Injuries in martial arts: a comparison of five styles
M. Zetaruk, M. Violán, D. Zurakowski. and L. Micheli
British Journal of Sports Medicine 2005; 39:29-33
This study compared five martial arts with respect to injury outcomes. A one year retrospective cohort was studied using an injury survey. Data on 263 martial arts participants (114 from Shotokan karate, 47 from Aikido, 49 from Taekwondo, 39 from Kung fu, and 14 from Tai chi) were analyzed using age, sex, training frequency, experience, and martial art style. Outcome measures were injuries requiring time off from training, major injuries, multiple injuries, body region, and type of injury.
The rate of injuries, expressed as percentage of participants sustaining an injury that required time off training a year, varied according to style: 59% for Taekwondo, 51% for Aikido, 38% for Kung fu, 30% for karate, and 14% for Tai chi. There was a threefold increased risk of injury and multiple injury in Taekwondo than karate. Subjects ≥18 years of age were at greater risk of injury than younger ones. Martial artists with at least three years experience were twice as likely to sustain injury than less experienced students. Training >3 hours/week was also a significant predictor of injury. Compared with karate, the risks of head/neck injury, upper extremity injury, and soft tissue injury were all higher in aikido, and the risks of head/neck, groin, and upper and lower extremity injuries were higher in Taekwondo. No sex differences were found for any of the outcomes studied.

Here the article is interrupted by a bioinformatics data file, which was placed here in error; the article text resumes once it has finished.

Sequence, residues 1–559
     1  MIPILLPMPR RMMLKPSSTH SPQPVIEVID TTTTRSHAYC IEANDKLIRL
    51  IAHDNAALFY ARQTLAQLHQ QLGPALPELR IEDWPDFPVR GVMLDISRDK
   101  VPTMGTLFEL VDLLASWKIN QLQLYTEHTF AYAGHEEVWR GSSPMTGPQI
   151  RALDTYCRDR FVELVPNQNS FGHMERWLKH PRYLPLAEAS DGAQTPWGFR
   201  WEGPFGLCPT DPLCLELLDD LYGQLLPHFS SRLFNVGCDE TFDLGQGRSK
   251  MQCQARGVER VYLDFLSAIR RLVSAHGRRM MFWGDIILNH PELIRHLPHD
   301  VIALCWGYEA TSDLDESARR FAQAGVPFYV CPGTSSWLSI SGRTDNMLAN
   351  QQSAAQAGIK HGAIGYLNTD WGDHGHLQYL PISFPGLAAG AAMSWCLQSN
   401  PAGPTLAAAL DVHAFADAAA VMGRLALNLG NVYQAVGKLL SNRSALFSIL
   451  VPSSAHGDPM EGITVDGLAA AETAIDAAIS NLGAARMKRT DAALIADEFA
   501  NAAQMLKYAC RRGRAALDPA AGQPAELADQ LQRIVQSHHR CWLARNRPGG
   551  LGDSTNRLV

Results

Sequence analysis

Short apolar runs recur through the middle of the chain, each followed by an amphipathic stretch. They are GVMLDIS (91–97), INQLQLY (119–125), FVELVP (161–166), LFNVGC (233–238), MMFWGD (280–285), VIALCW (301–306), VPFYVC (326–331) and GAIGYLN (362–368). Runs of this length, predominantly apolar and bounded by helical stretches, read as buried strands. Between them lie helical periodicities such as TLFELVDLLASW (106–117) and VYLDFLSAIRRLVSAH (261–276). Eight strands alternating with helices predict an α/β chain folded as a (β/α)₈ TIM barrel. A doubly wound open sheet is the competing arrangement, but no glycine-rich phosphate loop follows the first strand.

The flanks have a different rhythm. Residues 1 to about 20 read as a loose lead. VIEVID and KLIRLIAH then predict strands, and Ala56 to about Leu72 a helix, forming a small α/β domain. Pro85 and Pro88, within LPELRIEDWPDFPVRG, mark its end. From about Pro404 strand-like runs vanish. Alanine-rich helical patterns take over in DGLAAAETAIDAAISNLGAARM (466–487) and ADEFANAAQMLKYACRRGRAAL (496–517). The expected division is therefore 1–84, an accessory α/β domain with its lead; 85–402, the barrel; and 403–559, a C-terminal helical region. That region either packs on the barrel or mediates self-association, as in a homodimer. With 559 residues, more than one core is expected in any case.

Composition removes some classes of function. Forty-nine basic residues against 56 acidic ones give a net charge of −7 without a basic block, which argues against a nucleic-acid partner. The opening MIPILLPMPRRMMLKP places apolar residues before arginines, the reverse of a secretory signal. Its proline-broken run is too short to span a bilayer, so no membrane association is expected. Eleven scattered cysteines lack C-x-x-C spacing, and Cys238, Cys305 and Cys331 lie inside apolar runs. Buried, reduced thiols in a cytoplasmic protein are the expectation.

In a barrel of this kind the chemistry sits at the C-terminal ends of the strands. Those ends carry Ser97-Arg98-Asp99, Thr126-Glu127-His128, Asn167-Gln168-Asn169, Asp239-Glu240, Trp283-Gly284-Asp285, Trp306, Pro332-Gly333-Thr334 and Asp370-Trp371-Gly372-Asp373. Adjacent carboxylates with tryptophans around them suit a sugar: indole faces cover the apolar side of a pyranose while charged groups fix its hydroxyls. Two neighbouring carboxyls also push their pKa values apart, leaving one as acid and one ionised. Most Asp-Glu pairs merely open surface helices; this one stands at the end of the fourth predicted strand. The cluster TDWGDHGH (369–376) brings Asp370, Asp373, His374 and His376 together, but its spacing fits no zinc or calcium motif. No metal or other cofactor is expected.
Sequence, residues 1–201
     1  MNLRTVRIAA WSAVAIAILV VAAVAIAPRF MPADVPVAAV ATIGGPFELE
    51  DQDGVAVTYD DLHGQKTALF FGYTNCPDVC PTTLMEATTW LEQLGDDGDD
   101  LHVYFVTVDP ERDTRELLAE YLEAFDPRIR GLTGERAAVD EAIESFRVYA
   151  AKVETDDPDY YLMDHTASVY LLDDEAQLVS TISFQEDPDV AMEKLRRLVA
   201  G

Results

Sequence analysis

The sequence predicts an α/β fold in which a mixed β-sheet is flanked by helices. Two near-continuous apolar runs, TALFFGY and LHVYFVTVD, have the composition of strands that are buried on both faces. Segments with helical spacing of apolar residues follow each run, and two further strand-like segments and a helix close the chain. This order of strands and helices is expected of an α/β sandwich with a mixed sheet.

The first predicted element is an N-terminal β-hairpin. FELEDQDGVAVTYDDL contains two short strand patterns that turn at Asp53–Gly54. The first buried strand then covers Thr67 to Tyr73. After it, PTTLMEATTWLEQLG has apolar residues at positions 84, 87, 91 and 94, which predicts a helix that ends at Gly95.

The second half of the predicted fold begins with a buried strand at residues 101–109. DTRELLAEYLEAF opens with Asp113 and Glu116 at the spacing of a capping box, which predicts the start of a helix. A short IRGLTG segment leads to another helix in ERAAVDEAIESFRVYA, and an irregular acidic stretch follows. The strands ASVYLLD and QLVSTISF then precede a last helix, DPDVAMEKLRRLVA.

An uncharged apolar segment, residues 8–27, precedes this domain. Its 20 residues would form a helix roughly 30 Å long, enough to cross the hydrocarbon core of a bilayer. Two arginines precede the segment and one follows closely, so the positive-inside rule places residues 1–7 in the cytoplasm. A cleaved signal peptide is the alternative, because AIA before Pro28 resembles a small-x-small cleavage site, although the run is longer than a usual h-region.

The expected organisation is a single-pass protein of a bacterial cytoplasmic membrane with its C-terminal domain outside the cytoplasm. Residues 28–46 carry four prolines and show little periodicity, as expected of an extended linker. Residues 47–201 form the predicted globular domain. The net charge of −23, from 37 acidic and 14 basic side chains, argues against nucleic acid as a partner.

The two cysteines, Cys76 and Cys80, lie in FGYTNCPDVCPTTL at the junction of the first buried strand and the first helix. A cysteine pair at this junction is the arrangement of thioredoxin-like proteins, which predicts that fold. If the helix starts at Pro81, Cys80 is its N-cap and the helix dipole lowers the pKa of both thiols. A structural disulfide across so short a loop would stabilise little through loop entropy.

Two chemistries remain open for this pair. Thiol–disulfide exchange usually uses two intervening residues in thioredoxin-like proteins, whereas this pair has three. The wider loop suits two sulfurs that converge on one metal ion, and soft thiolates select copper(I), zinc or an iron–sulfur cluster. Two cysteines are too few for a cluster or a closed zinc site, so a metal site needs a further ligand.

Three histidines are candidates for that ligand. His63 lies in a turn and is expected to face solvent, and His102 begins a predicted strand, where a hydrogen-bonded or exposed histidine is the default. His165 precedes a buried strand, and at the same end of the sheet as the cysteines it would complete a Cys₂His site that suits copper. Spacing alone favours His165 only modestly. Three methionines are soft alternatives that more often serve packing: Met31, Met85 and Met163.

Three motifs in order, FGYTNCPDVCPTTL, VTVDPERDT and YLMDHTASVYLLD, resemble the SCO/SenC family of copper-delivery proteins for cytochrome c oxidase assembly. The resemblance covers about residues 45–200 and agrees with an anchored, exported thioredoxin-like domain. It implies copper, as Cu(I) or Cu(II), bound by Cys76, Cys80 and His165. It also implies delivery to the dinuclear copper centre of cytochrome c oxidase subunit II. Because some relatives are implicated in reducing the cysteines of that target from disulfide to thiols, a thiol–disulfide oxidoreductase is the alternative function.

Conclusions. There is a higher rate of injury Taekwondo than Shotokan karate. Different martial arts have significantly different types and distribution of injuries. Martial arts appear to be safe for young athletes, particularly those at beginner or intermediate levels.